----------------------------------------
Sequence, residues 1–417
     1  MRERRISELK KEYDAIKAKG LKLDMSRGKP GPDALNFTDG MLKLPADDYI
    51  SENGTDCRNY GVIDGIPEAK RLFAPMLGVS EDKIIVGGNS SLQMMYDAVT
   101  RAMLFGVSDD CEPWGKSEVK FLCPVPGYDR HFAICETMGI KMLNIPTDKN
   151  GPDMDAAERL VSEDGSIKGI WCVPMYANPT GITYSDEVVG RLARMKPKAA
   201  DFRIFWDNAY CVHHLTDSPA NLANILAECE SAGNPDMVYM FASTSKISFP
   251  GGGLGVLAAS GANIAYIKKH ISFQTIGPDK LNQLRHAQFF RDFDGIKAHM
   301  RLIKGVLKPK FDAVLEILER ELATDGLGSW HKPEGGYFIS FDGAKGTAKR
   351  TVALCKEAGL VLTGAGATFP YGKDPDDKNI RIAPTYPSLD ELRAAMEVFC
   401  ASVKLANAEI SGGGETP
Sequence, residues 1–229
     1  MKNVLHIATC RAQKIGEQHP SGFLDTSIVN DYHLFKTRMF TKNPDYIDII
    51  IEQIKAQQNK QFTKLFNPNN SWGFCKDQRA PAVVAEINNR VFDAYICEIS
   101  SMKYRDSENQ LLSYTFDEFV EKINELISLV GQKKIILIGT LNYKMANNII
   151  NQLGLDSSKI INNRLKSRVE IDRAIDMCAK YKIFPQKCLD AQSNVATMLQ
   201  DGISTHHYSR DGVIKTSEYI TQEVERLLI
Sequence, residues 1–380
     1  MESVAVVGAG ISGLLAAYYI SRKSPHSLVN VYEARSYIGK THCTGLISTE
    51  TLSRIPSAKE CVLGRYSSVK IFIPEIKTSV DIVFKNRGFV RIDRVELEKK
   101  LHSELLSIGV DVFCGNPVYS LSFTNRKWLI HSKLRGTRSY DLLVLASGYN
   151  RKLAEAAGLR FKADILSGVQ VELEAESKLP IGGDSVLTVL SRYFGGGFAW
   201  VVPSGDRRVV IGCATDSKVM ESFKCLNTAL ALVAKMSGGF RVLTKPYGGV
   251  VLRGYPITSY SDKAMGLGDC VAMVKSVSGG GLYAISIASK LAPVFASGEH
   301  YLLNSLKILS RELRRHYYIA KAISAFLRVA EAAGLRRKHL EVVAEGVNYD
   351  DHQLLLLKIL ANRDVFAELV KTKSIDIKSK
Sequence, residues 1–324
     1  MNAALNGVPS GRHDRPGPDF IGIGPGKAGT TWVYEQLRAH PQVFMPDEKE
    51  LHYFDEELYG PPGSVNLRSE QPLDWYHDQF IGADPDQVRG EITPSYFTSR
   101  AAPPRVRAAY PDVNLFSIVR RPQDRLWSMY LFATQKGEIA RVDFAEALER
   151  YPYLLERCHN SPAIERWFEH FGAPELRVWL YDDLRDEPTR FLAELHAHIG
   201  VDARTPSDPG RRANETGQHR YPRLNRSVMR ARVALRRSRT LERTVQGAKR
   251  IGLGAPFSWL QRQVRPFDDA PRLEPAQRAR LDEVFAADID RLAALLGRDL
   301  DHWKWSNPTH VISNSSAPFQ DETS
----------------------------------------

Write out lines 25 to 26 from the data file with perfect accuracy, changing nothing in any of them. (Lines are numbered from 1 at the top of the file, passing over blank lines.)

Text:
   351  DHQLLLLKIL ANRDVFAELV KTKSIDIKSK
Sequence, residues 1–324